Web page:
Computer underground Digest Sun Apr 18 1993 Volume 5 : Issue 28
Editors: Jim Thomas and Gordon Meyer (TK0JUT2@NIU.BITNET)
Archivist: Brendan Kehoe
Shadow-Archivists: Dan Carosone / Paul Southworth
Ralph Sims / Jyrki Kuoppala
Cyop Editor: Etaoin Shrdlu, Senior
CONTENTS, #5.28 (Apr 18 1993)
File 1--NREN Wrap (or "Joe's Ride at the Houston Chron")
File 2--Clinton Proposes National ID Card
File 3--White House Crypto Statement
File 4--Debate on Gov't Encryption Initiative (from CPSR)
File 5--RU Sirius/Mondo interview (from GEnie)
File 6--Rune Stone BBS (IIRG Home Board) Back On-Line
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Date: Thu, 15 Apr 1993 00:56:26 EDT
From: Joe Abernathy
Subject: File 1--NREN Wrap (or "Joe's Ride at the Houston Chron")
((MODERATORS' NOTE: The following is Joe Abernathy's last story for
the Houston Chronicle. We've known Joe since 1990, and have found him
a strong supporter of civil liberties in cyberspace. As his knowledge
of the the topic has grown, so has the sophistication of his articles.
His periodic columns in The Village Voice's "Wired" section have been
consistently penetrating commentaries on law, ethics, and policy. We
wish Joe the best in his new life. Thanks Joe.))
NREN Wrap -- This is my last story for the Houston Chronicle. It is to
appear on April 4, 1993. Please feel free to redistribute it for any
To those of you who have provided so much help these past four
years, thanks. It's been a real education. I've accepted the job of
Senior Editor-News at PC World magazine, and I'll still be writing the
Village Voice Technocracy column, so I hope you'll all stay in touch.
My new contact information is P.O. Box 572390, Houston, Texas
By JOE ABERNATHY
Houston Chronicle Staff Writer
The specters of class struggle and international economic warfare
are casting a shadow over administration hearings on how to build a
sophisticated national computer network.
Billed as an engine of job growth, a central concern is emerging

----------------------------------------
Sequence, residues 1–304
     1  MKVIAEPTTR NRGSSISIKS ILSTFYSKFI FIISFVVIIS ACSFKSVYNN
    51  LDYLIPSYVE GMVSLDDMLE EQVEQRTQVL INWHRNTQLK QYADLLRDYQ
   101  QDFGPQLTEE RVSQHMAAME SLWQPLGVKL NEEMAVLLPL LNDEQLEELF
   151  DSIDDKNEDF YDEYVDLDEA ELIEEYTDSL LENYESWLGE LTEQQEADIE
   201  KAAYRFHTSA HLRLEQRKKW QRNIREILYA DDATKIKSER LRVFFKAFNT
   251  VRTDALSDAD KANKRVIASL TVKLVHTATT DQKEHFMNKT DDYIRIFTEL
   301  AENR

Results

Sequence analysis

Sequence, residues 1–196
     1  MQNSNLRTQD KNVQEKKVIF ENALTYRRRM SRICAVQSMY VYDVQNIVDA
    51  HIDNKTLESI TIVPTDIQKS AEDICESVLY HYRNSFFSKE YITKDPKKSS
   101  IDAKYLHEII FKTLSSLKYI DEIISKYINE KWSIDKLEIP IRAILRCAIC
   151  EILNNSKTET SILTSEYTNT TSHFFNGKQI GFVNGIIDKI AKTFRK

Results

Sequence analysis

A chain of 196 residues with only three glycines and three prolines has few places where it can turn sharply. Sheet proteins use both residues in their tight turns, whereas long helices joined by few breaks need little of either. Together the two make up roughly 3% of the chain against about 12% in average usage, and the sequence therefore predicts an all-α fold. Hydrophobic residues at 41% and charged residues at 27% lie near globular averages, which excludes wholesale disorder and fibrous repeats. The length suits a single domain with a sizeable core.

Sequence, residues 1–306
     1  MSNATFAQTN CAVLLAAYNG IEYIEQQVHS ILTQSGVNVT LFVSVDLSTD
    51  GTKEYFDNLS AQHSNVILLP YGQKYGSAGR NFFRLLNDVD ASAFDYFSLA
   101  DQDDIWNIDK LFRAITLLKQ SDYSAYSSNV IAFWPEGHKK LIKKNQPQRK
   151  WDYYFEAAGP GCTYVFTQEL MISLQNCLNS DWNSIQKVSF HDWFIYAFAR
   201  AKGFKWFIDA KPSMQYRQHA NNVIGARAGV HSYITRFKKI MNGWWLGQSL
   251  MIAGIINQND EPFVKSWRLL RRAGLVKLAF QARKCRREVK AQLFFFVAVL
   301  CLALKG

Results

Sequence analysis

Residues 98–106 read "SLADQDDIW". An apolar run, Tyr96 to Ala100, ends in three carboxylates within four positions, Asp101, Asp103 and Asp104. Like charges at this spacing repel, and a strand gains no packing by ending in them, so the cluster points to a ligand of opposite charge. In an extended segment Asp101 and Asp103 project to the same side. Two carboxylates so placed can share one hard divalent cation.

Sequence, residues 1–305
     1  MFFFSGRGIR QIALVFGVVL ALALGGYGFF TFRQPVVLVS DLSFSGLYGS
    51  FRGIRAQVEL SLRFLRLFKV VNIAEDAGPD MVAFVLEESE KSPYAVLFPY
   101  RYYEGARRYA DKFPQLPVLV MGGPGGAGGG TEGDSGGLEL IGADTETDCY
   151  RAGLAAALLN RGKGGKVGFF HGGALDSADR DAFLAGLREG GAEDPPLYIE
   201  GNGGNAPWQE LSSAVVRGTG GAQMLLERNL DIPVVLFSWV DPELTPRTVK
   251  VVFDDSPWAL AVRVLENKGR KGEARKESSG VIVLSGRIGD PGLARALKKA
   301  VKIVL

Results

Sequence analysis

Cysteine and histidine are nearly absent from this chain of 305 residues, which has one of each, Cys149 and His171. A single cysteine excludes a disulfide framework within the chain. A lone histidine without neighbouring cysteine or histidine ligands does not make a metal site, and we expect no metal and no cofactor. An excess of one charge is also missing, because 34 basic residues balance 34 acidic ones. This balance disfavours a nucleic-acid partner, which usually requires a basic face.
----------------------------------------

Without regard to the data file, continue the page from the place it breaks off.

that the "data superhigh way" promised by Vice President Al Gore and
President Bill Clinton during the campaign could produce a large
underclass of "information have-nots."
Based on an emerging global computer net work known as the
Internet, which links up to 12 million people in more than 30 nations,
the National Research and Education Network (NREN) is a decade-long
project of former Sen. Gore.
Gore envisions a future in which oceans of data, including
libraries of movies, books and other creative works, would be readily
avail able to every home. In selling a $5 billion spending plan
focused on the network in 1992, Gore held forth the image of
classrooms without walls, sophisticated medical collaborations, and
globally competitive small businesses.
"The NREN is at all odds the most important and lucrative
marketplace of the 21st century," he said in a recent statement.
But in trying to make it work, it has become apparent that the NREN
remains in many ways a captive of its privileged institutional
heritage. Some Americans don't even have telephone service, and many
still don't have computers with which to access the net.
Two congressional hearings were held in late March concerning the
National Information Infrastructure, and a bill has been introduced
that would take up where Gore's 1992 High-Performance Computing Act